The downside of this approach is that, it requires the candidate to commit a lot of time into working on the assignment. There is a possibility that the candidate will pass on the opportunity, finding it troublesome to pursue or viewing the company as trying to extract some kind of free labor from him/her.
Also it takes a lot of thinking to design a good take-home coding exercise that is unique and cannot be found anywhere on the internet.
7. Online coding test
An online coding test is no different from a white-board coding test except that it is conducted online with the help of some special software applications.
By using a real-time coding tool such as CoderPad, Codility, HackerRank and Codeground (I will do a review article for these tools one day) or the old-fashioned Skype or GoToMeeting, an interviewer can now conduct a white-board coding test remotely, observe the coding activity in real-time.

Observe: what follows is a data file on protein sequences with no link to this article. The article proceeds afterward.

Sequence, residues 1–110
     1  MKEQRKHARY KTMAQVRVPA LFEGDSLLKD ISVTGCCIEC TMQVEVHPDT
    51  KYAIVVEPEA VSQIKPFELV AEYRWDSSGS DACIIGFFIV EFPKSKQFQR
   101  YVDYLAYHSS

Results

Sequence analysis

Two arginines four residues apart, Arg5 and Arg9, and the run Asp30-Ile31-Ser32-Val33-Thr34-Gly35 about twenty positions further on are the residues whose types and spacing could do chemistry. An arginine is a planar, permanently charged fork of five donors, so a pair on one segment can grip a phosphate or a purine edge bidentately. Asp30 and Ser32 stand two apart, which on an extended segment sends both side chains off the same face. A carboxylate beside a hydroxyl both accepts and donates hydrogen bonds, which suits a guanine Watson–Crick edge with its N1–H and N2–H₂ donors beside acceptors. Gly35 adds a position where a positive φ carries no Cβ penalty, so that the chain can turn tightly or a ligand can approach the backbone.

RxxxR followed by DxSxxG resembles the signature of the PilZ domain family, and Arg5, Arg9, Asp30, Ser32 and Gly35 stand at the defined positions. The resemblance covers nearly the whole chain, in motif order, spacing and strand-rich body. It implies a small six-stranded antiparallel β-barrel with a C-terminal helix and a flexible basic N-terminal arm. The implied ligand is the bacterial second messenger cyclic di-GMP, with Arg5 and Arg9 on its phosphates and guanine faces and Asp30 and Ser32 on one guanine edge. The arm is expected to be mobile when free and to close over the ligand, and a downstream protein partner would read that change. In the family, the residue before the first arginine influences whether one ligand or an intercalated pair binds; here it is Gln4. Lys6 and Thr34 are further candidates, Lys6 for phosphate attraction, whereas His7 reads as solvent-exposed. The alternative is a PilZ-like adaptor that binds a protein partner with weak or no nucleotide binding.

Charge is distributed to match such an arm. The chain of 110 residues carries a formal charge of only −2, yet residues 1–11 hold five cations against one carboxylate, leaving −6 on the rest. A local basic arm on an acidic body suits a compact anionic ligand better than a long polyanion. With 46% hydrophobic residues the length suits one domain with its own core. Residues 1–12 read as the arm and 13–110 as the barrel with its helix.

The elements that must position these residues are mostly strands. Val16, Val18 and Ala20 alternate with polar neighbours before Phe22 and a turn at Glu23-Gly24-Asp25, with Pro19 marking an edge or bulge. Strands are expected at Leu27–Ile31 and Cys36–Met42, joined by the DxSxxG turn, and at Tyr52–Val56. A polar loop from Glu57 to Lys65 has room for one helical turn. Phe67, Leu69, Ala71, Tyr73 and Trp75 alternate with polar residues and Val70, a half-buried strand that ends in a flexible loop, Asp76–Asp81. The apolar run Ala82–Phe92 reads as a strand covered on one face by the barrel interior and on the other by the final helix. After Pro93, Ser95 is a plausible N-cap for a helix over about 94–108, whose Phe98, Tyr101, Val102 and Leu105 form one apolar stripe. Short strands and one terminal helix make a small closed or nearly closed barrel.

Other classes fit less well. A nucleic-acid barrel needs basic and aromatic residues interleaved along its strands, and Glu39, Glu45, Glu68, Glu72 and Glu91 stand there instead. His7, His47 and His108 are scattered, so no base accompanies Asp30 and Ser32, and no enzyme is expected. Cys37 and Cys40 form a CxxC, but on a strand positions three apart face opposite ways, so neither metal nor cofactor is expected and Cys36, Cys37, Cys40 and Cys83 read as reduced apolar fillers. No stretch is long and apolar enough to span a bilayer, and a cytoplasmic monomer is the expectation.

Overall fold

It preserves all its original qualities, except that perhaps the candidate feels more comfortable attempting the coding test from home.
Because an online coding test is simpler to facilitate, many companies use it as a first line of filter before other steps.
8. Pair programming exercise
A pair programming exercise is a unique form of technical interview, in which the candidate forms a pair with a software engineer from the company to solve a small coding challenge or a problem concerning actual development code.
The proponents of pair programming exercise argued that, in order to see if the candidate can fit into the team and write good code, the best way is to have him/her works together with some team members in a coding session. In that way, the candidate can decide if the team and the code are what he/she likes to work with. The team can decide if he/she can help them out with their project.